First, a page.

Sound busy? It is, but it works both visually and in getting the "donate now" message across.

But what about the Obama-curious? What's here for them? Nothing. To get any actual information about Barack Obama and what he stands for, you have to click through at least one page deeper. The people in charge of Obama's home page understand technology but they're losing the casually curious visitor.

Don't make this mistake on your site; technology is important--even imperative--but technology should exist in service to the message, not to obscure it. See also Letting your IT person write your web copy is like letting the phone company write your fundraising scripts.

--Louella Pizzuti

Tuesday, June 26, 2007

Should politicians blog? You're asking the wrong question.

The right question is, "should politicians publicize what they're doing?" (Let's assume we're talking about elected officials who honor the public trust.) The answer to that question, I hope you'll agree, is a resounding yes!

So then it's just a matter of deciding how you deliver the message.

Press releases?
Definitely! But sending them to press outlets puts you at the mercy of the publication--if they don't print, your constituents don't know. At the very least, take this material and publish it on your blog as well.

Direct mail?
Possibly. Direct mail's expensive and disposable recyclable, but maybe you have a compelling need to get things directly to the homes of your constituents. You'll still want to make it available on your web site or on your blog for people who discarded your letter without reading it and for anyone who's just curious.

Of course! No distribution costs and a permanent, searchable archive of your accomplishments. And if you do it right, news outlets will learn to come to your site to get information and background for stories they're writing. How much is that worth to you and your future campaigns?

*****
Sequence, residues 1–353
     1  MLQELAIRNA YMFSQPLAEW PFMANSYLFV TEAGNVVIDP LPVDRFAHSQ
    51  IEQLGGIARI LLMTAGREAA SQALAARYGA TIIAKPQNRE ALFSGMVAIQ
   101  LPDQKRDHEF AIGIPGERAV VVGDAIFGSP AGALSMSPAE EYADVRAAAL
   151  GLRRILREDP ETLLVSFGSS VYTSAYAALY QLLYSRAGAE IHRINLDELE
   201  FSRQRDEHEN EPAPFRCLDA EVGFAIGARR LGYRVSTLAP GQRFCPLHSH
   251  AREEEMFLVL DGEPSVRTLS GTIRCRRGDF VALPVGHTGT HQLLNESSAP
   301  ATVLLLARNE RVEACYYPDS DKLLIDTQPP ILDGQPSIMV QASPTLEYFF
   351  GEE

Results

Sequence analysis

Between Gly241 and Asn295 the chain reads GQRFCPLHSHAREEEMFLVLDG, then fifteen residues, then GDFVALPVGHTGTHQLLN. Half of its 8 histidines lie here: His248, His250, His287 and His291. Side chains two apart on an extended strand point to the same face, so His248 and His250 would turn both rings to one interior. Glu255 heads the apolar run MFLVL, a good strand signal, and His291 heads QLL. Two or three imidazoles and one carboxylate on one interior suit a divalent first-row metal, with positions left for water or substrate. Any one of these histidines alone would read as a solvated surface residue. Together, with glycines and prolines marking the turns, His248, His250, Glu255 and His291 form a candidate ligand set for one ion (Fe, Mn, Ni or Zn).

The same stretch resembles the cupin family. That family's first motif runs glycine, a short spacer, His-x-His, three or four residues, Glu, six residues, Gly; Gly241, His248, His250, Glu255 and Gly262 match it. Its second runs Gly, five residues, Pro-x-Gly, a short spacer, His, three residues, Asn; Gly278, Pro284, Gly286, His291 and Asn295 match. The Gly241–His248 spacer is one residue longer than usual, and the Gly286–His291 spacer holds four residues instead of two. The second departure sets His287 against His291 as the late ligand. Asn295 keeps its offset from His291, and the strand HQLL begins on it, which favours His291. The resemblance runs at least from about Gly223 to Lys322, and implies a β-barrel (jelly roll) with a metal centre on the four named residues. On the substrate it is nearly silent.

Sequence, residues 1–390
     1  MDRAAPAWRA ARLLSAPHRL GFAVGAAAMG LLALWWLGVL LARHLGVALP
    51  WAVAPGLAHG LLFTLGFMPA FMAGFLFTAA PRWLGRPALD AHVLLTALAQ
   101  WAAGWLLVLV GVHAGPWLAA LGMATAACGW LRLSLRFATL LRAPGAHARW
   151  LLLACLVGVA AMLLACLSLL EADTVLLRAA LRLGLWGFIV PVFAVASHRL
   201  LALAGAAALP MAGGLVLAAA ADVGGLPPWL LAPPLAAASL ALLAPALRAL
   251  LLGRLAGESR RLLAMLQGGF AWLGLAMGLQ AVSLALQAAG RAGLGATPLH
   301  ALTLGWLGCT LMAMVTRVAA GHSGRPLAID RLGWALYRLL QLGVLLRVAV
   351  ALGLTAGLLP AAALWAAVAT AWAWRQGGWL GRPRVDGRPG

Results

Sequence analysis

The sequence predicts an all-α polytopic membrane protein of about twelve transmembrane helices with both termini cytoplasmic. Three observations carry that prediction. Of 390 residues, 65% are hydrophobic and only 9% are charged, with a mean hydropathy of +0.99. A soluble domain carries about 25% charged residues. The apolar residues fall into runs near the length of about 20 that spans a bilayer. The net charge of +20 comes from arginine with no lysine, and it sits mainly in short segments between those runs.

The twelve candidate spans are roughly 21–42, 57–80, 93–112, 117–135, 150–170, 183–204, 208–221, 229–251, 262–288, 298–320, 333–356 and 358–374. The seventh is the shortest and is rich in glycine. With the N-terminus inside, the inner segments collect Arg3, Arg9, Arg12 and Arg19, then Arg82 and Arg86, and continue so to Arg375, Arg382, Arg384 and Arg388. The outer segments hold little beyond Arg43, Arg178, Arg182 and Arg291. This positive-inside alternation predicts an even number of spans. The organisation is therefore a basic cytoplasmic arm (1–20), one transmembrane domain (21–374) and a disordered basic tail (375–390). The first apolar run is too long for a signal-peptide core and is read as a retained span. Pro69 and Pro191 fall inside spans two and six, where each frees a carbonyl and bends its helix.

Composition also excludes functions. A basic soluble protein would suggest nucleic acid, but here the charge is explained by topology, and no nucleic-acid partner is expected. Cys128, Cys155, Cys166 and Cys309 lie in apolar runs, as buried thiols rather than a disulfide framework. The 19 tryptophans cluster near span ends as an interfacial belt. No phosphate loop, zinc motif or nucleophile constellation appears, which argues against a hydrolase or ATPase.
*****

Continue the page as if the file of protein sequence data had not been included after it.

--Louella Pizzuti

Monday, June 25, 2007

Letting your IT person write your web copy is like letting the phone company write your fundraising scripts

The medium is not the message. The message is the message. And putting your campaign's message in the hands of the person who's designing or delivering your web site is a big mistake. What you say and how you say it on the web is at least as important as how you say it in person, in your ads and in direct mail.

Why do I say at least as important? Because your web presence sticks around while people's memories fade and direct mail and ads get recycled.

Your web site can collect and amplify everything you do--from town hall meetings to parades to debates and door-to-door visits. But only if you treat it like a communications investment.

--Louella Pizzuti

Sunday, June 24, 2007

What politicians miss about the web, and how I can help

Most campaigns barely scratch the surface of what the web can do for them. They probably have a web site--which means they definitely have a Donate button--but they generally think of their web site as a technology expense instead of a communications investment. Campaigns almost never invest the resources required to use the Internet as an online campaign office: broadening the reach of their messages, inspiring and informing undecided voters, motivating and empowering volunteers or supplementing/highlighting press coverage.

And, as someone who's been immersed in "new media" since the early days at Apple Computer, I'm most perplexed by campaigns that virtually ignore the people who've taken the time to seek them out on the Web. I suppose it's because they can't see the people they're ignoring (or worse, frustrating), but even Web sites with free stat trackers can count them.

Why withhold information from people who actively seek it out?

After hearing a recent segment on the Jim Lehrer news hour, I think I understand why politicians lag behind the business world in embracing Internet technology. Most politicians simply don't have access to people like me who have over a decade of experience using the Web to build relationships and contribute to the bottom line. (Eleven years ago, when most political folks didn't even have email addresses, I was the editor in chief of Apple's webcast of the Atlanta Olympics. Since then I've continued to help businesses expand their reach by building relationships online and off.)